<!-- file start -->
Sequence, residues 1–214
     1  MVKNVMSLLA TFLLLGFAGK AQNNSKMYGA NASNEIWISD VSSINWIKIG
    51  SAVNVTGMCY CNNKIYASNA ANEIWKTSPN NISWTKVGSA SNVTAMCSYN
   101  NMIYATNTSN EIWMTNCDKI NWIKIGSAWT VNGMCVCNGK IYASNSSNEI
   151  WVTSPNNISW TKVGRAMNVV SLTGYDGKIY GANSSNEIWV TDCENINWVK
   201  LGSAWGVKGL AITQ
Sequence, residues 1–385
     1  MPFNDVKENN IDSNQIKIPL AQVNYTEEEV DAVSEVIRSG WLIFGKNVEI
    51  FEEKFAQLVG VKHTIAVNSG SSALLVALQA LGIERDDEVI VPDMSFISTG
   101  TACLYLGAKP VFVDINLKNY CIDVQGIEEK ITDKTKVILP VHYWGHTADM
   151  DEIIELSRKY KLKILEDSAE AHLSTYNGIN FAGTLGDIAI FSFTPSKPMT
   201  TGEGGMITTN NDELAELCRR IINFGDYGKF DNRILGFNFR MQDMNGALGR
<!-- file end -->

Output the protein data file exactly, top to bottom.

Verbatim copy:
Sequence, residues 1–214
     1  MVKNVMSLLA TFLLLGFAGK AQNNSKMYGA NASNEIWISD VSSINWIKIG
    51  SAVNVTGMCY CNNKIYASNA ANEIWKTSPN NISWTKVGSA SNVTAMCSYN
   101  NMIYATNTSN EIWMTNCDKI NWIKIGSAWT VNGMCVCNGK IYASNSSNEI
   151  WVTSPNNISW TKVGRAMNVV SLTGYDGKIY GANSSNEIWV TDCENINWVK
   201  LGSAWGVKGL AITQ
Sequence, residues 1–385
     1  MPFNDVKENN IDSNQIKIPL AQVNYTEEEV DAVSEVIRSG WLIFGKNVEI
    51  FEEKFAQLVG VKHTIAVNSG SSALLVALQA LGIERDDEVI VPDMSFISTG
   101  TACLYLGAKP VFVDINLKNY CIDVQGIEEK ITDKTKVILP VHYWGHTADM
   151  DEIIELSRKY KLKILEDSAE AHLSTYNGIN FAGTLGDIAI FSFTPSKPMT
   201  TGEGGMITTN NDELAELCRR IINFGDYGKF DNRILGFNFR MQDMNGALGR